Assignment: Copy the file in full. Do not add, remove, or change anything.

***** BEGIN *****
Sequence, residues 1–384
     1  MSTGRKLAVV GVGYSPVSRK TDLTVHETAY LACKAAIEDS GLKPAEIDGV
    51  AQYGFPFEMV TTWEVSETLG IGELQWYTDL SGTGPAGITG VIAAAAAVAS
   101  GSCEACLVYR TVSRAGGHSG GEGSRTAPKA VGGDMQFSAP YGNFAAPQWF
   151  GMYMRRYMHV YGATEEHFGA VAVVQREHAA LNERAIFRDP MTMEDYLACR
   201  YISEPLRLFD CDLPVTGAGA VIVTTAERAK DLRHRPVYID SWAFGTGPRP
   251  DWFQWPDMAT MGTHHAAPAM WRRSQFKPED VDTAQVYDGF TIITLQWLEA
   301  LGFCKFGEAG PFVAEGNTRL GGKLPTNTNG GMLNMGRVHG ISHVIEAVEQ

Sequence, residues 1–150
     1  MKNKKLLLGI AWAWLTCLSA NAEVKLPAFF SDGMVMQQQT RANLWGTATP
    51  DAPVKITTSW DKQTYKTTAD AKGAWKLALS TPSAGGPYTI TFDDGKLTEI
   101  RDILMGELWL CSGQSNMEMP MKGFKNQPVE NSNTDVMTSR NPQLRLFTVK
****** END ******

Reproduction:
Sequence, residues 1–384
     1  MSTGRKLAVV GVGYSPVSRK TDLTVHETAY LACKAAIEDS GLKPAEIDGV
    51  AQYGFPFEMV TTWEVSETLG IGELQWYTDL SGTGPAGITG VIAAAAAVAS
   101  GSCEACLVYR TVSRAGGHSG GEGSRTAPKA VGGDMQFSAP YGNFAAPQWF
   151  GMYMRRYMHV YGATEEHFGA VAVVQREHAA LNERAIFRDP MTMEDYLACR
   201  YISEPLRLFD CDLPVTGAGA VIVTTAERAK DLRHRPVYID SWAFGTGPRP
   251  DWFQWPDMAT MGTHHAAPAM WRRSQFKPED VDTAQVYDGF TIITLQWLEA
   301  LGFCKFGEAG PFVAEGNTRL GGKLPTNTNG GMLNMGRVHG ISHVIEAVEQ

Sequence, residues 1–150
     1  MKNKKLLLGI AWAWLTCLSA NAEVKLPAFF SDGMVMQQQT RANLWGTATP
    51  DAPVKITTSW DKQTYKTTAD AKGAWKLALS TPSAGGPYTI TFDDGKLTEI
   101  RDILMGELWL CSGQSNMEMP MKGFKNQPVE NSNTDVMTSR NPQLRLFTVK